He released the ‘Recognise’ campaign which highlights the fact that the first nations people aren’t recognised in the constitution.
[on the constitution] “There is nothing in the constitution right now, not a single word that mentions that anyone was here in 1788, so we need to acknowledge that simple fact and include the first Australians in the constitution at long last”

A pivotal moment in AFL, when Essendon supporters point out another Essendon supporter for racist slanders against Adam Goodes during a game.

“It is disappointing, and its not a comfortable thing to talk about and it’s definitely not a comfortable to go through so yeah its going to cause a stir and its going to cause people to have conversations about it but lets talk about it..”

Goodes played in the 2014 Grand final and was noticeably booed the entire game.
[Adam on being repeatedly booed whilst playing football]

“It’s not something that I’m not used to, there’s been plenty of time I’ve been booed at football grounds, sometimes it’s a mark of respect that the opposition fans don’t want you to play well”

[How racist is Australia]

“There is so many like minded people like yourself and mine in this country, I would hate to put a figure or say this much but the history of our country is built on so much lies and racial policies and things that have suppressed my people and lots of minorities in this country the way I see it is I can use my position to educate people to see-through the things they have been taught growing up and for them to open their minds and think oh actually that isn’t true, captain cook didn’t found Australia as I was taught in high school ..”

In 2015 during the Indigenous round Adam celebrated a goal with a war dance, after the game Mathew Richardson (former Richmond captain) questioned Adam about the celebration.

“Just a little bit of inspiration from the under 16’s Boomerang kids who taught us a little bit of a war cry so just a little tribute to those guys… Indigenous round, proud to be representing”

The next day, he was asked further questions about the celebratory dance “From my point of view, my team mates loved it, the Carlton players loved it, it’s not something they need to be getting their backs up against the wall about, is this the lesson we want to teach our children, that when we don’t understand something we get angry, we put our backs up against the wall – oh that’s offensive, no,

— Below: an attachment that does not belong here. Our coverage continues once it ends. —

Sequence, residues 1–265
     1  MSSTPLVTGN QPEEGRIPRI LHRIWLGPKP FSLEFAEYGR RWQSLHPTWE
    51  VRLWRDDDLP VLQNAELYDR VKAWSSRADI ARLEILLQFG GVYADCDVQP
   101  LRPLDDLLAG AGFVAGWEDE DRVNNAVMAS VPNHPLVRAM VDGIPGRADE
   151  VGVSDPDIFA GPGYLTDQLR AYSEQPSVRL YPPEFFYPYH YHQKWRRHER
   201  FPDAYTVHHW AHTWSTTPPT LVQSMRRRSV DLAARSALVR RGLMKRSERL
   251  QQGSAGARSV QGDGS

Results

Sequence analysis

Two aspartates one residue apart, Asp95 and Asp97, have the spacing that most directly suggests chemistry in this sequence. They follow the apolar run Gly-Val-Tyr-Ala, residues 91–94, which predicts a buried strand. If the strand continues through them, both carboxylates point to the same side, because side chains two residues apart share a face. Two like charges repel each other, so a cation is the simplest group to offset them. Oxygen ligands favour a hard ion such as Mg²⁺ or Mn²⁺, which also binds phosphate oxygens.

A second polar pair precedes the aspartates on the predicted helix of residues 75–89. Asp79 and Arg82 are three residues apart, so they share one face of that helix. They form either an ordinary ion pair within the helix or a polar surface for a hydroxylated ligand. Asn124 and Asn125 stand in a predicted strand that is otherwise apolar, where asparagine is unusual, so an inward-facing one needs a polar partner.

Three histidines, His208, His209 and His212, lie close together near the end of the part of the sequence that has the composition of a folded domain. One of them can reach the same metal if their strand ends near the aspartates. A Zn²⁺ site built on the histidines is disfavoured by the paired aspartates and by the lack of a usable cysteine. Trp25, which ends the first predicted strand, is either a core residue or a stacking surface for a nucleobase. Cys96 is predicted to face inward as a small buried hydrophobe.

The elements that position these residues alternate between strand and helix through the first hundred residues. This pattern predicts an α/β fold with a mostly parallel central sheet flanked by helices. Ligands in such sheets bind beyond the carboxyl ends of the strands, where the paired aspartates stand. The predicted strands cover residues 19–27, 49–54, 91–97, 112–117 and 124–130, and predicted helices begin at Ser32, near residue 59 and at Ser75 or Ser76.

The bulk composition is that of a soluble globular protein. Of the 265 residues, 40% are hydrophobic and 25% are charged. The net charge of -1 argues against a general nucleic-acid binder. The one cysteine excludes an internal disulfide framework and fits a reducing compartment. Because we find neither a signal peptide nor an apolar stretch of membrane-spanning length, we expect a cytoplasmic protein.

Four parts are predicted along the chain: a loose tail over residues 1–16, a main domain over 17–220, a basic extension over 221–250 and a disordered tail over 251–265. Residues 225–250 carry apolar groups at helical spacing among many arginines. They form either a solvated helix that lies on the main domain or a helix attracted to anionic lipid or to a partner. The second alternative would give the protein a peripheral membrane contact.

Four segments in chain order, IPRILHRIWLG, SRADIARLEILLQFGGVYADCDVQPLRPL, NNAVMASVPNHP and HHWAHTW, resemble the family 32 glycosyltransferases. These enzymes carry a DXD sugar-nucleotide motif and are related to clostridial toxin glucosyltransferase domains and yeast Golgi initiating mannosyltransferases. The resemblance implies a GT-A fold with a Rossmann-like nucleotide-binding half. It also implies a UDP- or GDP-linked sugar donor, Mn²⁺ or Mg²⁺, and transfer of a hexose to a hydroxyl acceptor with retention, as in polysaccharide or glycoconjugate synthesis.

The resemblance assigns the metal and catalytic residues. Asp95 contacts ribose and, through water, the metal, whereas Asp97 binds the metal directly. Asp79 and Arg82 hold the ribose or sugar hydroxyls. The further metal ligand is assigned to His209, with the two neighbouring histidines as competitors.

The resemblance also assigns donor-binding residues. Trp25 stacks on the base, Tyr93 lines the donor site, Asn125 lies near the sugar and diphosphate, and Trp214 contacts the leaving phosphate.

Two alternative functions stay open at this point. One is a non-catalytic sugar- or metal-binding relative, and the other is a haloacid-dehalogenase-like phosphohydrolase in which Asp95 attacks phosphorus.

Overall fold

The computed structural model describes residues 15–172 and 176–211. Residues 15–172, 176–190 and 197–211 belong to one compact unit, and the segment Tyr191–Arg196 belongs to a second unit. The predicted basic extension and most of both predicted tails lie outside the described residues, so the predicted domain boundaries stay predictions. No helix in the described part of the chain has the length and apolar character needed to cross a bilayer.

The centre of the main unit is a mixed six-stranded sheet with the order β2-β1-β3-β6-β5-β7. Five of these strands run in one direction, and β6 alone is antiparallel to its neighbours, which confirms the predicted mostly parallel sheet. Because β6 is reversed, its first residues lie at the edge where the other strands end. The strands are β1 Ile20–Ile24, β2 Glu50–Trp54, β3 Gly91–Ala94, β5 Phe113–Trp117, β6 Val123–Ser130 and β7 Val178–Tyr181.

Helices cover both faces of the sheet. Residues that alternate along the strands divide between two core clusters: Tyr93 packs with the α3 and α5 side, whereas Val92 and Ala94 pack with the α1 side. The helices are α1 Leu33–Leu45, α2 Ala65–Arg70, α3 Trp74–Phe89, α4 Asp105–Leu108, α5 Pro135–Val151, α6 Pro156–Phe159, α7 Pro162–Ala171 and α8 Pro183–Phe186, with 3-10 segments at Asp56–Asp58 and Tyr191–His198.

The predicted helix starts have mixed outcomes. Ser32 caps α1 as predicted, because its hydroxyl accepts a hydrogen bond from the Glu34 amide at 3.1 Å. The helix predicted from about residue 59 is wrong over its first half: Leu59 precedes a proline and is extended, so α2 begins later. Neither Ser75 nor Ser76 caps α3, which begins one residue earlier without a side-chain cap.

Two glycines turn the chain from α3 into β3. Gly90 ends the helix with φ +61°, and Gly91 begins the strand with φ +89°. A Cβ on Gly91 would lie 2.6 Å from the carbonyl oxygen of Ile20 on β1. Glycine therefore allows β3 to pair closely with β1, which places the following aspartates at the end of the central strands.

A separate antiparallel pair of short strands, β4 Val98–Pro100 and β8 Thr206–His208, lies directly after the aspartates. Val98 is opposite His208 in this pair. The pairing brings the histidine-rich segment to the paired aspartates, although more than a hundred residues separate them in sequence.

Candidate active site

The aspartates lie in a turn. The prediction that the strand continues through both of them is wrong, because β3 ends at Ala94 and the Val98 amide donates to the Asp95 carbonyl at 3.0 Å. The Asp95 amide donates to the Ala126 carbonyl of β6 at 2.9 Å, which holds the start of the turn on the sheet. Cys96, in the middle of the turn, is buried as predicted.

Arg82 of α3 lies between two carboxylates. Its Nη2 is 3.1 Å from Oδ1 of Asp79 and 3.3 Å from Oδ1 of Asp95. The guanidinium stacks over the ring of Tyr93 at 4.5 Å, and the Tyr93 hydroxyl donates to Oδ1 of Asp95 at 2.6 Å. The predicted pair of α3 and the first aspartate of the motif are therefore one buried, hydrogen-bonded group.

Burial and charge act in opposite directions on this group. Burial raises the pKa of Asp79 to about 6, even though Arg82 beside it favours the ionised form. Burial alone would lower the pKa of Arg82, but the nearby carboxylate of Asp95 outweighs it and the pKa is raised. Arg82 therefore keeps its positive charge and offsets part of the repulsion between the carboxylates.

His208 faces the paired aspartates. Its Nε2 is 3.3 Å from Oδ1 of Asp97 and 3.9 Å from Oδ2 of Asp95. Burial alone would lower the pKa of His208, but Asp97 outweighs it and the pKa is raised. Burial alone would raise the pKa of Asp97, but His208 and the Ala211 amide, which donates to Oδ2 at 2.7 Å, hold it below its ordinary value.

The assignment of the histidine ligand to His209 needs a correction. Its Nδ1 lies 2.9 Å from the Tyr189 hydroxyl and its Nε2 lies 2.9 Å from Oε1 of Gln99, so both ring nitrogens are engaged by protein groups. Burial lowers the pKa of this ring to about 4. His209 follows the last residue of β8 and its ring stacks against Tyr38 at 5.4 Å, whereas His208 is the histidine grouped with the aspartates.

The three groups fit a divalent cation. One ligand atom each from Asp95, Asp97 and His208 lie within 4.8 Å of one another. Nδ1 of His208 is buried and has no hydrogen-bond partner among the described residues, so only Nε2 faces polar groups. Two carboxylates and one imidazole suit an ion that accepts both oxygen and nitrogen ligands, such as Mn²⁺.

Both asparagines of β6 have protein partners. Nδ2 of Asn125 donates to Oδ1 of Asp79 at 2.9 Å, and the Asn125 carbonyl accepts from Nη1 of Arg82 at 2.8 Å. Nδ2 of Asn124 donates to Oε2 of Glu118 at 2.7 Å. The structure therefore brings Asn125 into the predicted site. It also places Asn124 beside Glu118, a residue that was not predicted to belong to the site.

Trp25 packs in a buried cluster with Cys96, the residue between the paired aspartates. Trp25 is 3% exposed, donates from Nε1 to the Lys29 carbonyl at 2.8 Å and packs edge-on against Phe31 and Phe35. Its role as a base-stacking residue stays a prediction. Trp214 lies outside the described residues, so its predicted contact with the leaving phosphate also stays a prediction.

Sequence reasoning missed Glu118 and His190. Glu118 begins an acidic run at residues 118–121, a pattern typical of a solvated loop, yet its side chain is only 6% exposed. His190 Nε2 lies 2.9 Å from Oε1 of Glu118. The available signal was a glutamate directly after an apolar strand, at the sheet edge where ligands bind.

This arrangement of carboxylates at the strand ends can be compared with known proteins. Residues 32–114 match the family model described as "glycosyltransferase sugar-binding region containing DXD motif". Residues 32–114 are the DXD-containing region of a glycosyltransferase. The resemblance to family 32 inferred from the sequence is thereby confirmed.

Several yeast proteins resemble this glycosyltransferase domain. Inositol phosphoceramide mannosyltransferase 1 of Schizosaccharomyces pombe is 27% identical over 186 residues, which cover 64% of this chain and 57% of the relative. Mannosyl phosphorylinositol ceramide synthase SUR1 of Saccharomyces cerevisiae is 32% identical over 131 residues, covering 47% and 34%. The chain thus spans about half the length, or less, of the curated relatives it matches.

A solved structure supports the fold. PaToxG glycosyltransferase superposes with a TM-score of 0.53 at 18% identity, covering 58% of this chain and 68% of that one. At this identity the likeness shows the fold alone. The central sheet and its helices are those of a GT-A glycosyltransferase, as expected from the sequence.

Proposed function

if it’s something we don’t understand, let’s have a conversation, what was Goodesy doing?.. if we are telling our people out there you can’t represent your culture or represent where you come from, in a round that is specifically about acknowledging Aboriginal and Torres Strait islander people what are we saying?”

Goodes, only had 11 free kicks in the year – ranker 168 on the list for free kicks – people saying they are booing him for his ‘free kicks’
[After continued booing]

“It’s just a continual battle at the moment, and it’s frustrating… just to have all that bad energy targeted towards me and its just disappointing, you know I’m coming towards the end of my career and if I leave the game this year and that is the aftermath of what’s happened at the end of my career, I’d be really disappointed with that”

Adam Goodes was booed until the final siren of his last game. He refused his victory lap at the 2015 Grand Final.

Since this time Adam Goodes (along with Michael O’Loughlin) have founded the organisation ‘Go Foundation’ this foundation creates opportunities for Indigenous youth through education.

Adam Goodes showed tremendous courage in the face of pure cruelty. The way that he held himself during this difficult time is extremely admirable and vital in the cultural awareness cause. He spoke clearly, knowledgeably and vulnerably in order to educate people and for this we are so thankful.
Goodesy, brother, uncle, we owe you for your strength and your courage during that hard time and for the continued work you have done for our people since. I thank you for all you have done in the name of reconciliation.
You can watch the documentary here

Kayla Cartledge

I'm a proud Gurindji woman. I am thankful the Bunurong, Boon Wurrung and Woiwurrung people of the Kulin Nation on whose land I live and work.